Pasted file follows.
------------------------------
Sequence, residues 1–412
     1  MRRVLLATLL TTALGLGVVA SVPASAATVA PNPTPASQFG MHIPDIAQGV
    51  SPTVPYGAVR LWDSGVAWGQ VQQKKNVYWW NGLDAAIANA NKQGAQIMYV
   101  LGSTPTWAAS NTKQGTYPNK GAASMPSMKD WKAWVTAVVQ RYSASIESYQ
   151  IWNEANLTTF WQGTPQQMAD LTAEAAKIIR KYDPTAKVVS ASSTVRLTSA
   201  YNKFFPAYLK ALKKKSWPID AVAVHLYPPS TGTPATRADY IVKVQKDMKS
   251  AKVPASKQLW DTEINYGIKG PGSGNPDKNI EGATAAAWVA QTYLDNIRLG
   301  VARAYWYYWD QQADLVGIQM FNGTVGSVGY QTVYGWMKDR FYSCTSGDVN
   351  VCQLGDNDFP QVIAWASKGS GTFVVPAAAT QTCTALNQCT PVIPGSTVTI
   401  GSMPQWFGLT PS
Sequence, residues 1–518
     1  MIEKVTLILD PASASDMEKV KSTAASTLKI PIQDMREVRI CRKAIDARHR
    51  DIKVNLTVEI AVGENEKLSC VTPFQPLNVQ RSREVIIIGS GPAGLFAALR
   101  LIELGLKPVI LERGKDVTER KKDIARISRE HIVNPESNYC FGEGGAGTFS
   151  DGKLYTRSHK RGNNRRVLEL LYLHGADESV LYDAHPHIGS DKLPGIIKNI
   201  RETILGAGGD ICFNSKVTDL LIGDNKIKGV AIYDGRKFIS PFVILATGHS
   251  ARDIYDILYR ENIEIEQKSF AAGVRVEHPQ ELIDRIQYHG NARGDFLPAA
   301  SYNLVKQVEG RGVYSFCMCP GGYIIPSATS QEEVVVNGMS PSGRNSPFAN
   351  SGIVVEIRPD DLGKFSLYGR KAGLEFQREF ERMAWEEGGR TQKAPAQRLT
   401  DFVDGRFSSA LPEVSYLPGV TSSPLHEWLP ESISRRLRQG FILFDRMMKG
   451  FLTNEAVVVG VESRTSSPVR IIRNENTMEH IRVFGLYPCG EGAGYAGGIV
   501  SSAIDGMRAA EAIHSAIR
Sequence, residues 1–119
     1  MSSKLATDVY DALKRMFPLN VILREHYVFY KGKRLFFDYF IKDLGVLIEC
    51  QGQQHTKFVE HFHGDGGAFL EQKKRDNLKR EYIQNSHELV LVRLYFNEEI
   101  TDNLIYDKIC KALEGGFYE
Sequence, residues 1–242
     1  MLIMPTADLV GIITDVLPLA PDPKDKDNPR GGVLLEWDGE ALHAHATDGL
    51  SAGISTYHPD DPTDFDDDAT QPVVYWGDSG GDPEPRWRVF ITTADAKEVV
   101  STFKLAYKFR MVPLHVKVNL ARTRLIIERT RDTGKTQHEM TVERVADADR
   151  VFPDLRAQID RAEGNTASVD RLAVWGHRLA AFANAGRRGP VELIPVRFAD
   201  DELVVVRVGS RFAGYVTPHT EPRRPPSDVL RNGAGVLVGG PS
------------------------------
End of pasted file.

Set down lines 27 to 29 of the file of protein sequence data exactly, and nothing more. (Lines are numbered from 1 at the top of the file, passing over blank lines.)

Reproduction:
Sequence, residues 1–242
     1  MLIMPTADLV GIITDVLPLA PDPKDKDNPR GGVLLEWDGE ALHAHATDGL
    51  SAGISTYHPD DPTDFDDDAT QPVVYWGDSG GDPEPRWRVF ITTADAKEVV